New research carried out by The Lancet Commission on Pollution and Health showed that pollution’s harmful impact on people’s health, the environment and our planet was responsible for one in six deaths worldwide in 2015.
The report, published Thursday in The Lancet, says that the deaths of approximately 9 million people worldwide in 2015 were linked to some form of pollution — air, water, soil, chemical or occupational pollution.
Aiming to raise awareness of the daunting consequences of environmental contamination caused by human activity and to push global authorities to take action, the researchers analyzed mortality rates in different parts of the world and found that deaths from pollution substantially exceeded many other causes, such as alcohol or malnutrition, which were responsible for 2 million and 1 million deaths, respectively.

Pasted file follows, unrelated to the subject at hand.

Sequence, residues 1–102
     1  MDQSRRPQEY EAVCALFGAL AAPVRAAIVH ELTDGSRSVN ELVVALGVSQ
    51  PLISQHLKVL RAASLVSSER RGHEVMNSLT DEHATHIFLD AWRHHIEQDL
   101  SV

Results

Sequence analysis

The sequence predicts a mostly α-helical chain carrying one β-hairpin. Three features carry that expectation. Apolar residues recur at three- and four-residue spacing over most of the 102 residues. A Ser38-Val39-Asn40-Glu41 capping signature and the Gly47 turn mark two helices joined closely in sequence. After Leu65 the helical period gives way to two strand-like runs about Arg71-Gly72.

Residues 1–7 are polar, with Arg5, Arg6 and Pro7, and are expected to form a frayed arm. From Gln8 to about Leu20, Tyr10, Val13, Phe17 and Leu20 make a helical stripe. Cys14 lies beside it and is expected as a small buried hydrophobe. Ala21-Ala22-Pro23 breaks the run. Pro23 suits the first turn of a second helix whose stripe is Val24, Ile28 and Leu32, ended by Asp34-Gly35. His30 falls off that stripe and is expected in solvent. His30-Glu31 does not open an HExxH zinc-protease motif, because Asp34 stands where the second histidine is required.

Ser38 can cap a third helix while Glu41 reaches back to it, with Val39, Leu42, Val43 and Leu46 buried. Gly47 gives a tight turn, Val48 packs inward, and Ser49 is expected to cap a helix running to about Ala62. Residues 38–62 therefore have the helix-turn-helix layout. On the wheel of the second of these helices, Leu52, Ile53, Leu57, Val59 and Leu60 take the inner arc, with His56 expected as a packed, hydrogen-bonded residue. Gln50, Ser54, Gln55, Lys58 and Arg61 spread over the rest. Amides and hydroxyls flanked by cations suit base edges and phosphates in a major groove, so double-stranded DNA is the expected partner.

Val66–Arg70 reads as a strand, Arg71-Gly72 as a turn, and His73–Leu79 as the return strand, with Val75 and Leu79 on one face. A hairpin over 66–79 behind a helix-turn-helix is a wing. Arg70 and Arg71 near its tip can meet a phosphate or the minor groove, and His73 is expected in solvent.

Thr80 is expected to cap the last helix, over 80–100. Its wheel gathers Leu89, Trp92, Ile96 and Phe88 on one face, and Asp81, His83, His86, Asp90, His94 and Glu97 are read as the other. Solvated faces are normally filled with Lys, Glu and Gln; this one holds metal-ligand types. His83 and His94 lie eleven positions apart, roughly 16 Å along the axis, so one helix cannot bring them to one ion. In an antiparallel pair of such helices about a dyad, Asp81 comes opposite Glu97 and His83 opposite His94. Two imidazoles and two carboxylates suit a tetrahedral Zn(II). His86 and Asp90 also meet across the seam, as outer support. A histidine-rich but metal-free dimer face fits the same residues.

Various kinds of airborne pollution — smog from power plants, factories or vehicles — proved to be the most fatal form, accounting for 6.5 million deaths in 2015. Contaminated water caused 1.8 million people that year to die, and according to the report is the second largest contributor to premature deaths.
“I was shocked, when we started running the numbers, to see what a substantial impact it had on health,” said Richard Fuller, co-chairman of the commission, according to Bloomberg.
An overwhelming majority of pollution-related deaths — 92 percent — occur in less-developed countries. One of every four such deaths occur in countries experiencing rapid industrialization such as India, Pakistan, China, Bangladesh, Madagascar and Kenya.
“Pollution disproportionately impacts the poor and the vulnerable,” said Olusoji Adeyi, director of the health, nutrition and population global practice at the World Bank Group, adding that children face the highest risks. “It is important to translate awareness into action at the local, national and global levels.”